Cyberpsychology Research Network
As a discipline, Cyberpsychology is concerned with the impact of emerging technologies on human behaviour. Cyberpsychologists study human interactions with social media, mobile technologies, games consoles, virtual reality, artificial intelligence and any other technology that has the potential to shape human behaviours. The field is rapidly evolving from an “emerging” to an “established” field within applied psychology. As the three-volume Encyclopaedia of Cyber Behavior (Yan, 2012) notes “Approximately thirty peer-reviewed journals now publish over 1,000 articles every year on topics related to Cyberpsychology”… this field is expected to enjoy exponential growth in the next decades due to both continued rapid growth of Internet technologies and the unprecedentedly pervasive and profound influence of the internet on human beings” (Yan, 2012, p.7).
Psychology of Cyberspace
Researchers from all branches of psychology are currently interested in cyberspace, including cognitive, social, educational, organisational, clinical and experimental psychologists. As psychology delves deeper into cyberspace there are a number of questions that should be considered. Will traditional concepts and theories be sufficient in terms of understanding cyber behaviours? Will we need to modify current theories or develop new ones? – arguably knowledge from traditional psychology might not be sufficient, hence the necessity to broaden scientific investigation. Scholars from psychology and related fields who join the field of Cyberpsychology will undoubtedly contribute to crystallising new ideas and conquering a new scientific frontier (Barak & Suler, 2008).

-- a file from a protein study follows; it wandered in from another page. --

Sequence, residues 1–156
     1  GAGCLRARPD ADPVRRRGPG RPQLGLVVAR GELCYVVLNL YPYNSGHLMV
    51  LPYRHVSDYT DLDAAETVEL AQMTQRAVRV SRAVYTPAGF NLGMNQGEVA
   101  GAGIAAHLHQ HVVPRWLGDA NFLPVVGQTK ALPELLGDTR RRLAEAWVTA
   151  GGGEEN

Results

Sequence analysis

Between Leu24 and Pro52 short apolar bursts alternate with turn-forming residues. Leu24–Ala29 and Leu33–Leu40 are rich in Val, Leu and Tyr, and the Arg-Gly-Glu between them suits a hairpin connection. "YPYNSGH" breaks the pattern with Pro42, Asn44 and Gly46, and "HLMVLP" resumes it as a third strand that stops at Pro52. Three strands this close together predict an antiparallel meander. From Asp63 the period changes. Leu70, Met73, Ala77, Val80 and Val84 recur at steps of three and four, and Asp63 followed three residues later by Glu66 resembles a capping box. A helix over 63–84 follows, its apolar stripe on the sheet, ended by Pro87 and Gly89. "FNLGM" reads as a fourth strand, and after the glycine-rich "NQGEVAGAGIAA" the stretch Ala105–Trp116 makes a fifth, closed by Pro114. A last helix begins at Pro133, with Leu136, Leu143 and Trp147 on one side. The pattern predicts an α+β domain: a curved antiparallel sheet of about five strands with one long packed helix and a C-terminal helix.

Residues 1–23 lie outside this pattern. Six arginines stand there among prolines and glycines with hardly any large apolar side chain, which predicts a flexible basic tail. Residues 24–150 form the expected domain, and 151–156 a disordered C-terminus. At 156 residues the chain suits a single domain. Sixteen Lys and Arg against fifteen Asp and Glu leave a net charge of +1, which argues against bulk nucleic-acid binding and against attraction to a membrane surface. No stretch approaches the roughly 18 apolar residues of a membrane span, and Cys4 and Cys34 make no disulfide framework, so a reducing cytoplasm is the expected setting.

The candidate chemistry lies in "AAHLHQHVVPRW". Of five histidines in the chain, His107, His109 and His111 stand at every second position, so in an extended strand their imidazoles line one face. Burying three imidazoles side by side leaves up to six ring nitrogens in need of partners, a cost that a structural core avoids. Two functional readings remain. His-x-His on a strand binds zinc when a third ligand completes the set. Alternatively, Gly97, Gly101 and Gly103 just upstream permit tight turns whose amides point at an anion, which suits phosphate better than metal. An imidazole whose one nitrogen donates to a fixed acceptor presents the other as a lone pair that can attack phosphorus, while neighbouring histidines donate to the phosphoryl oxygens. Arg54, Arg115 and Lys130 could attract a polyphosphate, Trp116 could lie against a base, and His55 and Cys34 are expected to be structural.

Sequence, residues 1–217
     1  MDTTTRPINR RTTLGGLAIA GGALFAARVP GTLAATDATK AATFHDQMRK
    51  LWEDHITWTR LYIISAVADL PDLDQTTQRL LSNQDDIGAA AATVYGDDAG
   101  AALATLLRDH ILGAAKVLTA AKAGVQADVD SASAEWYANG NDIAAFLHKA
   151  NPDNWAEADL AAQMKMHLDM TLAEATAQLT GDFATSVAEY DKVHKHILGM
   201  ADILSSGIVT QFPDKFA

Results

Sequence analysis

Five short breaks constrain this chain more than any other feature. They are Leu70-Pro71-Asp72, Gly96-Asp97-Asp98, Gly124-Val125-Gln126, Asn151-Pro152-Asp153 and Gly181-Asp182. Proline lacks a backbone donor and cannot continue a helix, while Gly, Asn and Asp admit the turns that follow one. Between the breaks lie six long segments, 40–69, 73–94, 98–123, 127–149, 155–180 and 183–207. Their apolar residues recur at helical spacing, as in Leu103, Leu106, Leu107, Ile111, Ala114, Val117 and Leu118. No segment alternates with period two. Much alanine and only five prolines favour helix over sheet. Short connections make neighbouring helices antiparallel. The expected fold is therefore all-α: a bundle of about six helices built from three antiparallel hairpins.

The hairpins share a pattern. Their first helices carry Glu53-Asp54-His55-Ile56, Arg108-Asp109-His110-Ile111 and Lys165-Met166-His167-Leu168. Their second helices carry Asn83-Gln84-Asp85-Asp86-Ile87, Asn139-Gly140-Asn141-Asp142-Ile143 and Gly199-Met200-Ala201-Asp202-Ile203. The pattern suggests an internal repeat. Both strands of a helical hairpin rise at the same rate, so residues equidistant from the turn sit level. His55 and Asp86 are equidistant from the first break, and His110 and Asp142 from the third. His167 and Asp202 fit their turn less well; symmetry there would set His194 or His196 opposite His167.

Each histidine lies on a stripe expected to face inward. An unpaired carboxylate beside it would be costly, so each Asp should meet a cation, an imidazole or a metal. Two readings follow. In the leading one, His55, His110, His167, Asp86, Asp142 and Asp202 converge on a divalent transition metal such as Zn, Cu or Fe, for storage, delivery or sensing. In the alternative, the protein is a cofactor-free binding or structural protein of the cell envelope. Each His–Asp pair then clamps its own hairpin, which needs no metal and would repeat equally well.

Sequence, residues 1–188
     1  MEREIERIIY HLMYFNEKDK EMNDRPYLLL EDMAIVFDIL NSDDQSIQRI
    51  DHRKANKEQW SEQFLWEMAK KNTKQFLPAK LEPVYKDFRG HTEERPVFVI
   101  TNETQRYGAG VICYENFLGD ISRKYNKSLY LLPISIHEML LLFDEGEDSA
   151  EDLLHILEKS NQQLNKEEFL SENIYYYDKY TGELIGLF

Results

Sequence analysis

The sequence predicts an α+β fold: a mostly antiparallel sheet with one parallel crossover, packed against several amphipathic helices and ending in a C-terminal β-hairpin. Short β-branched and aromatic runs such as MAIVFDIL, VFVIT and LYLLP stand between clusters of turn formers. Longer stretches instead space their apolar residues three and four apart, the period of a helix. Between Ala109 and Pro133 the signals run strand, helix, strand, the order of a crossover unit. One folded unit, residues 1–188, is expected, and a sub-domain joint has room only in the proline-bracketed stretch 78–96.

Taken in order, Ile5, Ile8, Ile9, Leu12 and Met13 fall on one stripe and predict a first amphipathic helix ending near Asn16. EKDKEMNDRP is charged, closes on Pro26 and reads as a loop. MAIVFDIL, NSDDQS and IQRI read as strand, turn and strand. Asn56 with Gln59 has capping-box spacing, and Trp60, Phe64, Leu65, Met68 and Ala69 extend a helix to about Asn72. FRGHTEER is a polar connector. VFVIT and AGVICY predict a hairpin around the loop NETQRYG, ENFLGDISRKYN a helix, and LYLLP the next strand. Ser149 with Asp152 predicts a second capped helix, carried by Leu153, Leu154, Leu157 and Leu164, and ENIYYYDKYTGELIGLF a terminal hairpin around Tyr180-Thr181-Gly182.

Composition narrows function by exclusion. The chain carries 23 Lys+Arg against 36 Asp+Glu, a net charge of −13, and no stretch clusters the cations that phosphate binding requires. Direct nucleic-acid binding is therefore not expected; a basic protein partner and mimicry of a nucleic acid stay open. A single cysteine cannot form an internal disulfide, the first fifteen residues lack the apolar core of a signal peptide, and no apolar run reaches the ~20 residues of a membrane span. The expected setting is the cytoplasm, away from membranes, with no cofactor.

Cyberpsychology is a rapidly evolving discipline at the leading edge of human/technology interaction. The Cyberpsychology Research Network has been established by Professor Mary Aiken to operate as a virtual hub at the forefront of an important new international field, that has major implications for healthcare delivery, public safety, education, personal and community development.
Internationally collaborative, projects to date have developed a substantial network of researchers from institutions such as University College Dublin Geary Institute for Social Policy, Middlesex University, FDE Institute of Mantua, LUMSA University Rome, Kore University of Enna, Tilburg University in the Netherlands, Massachusetts Institute of Technology and Harvard University, including research partners from the Hague Justice Portal, INTERPOL, the Garda Síochána Metropolitan Police Service of London, Los Angeles Police Department, the Australian Federal Police, as well as liaising with the European Commission and the White House. The Cyberpsychology Research Network will progress these collaborations further in the production of research and thought leadership, inspiring policy formation, education and intervention at the intersection of psychology and technology.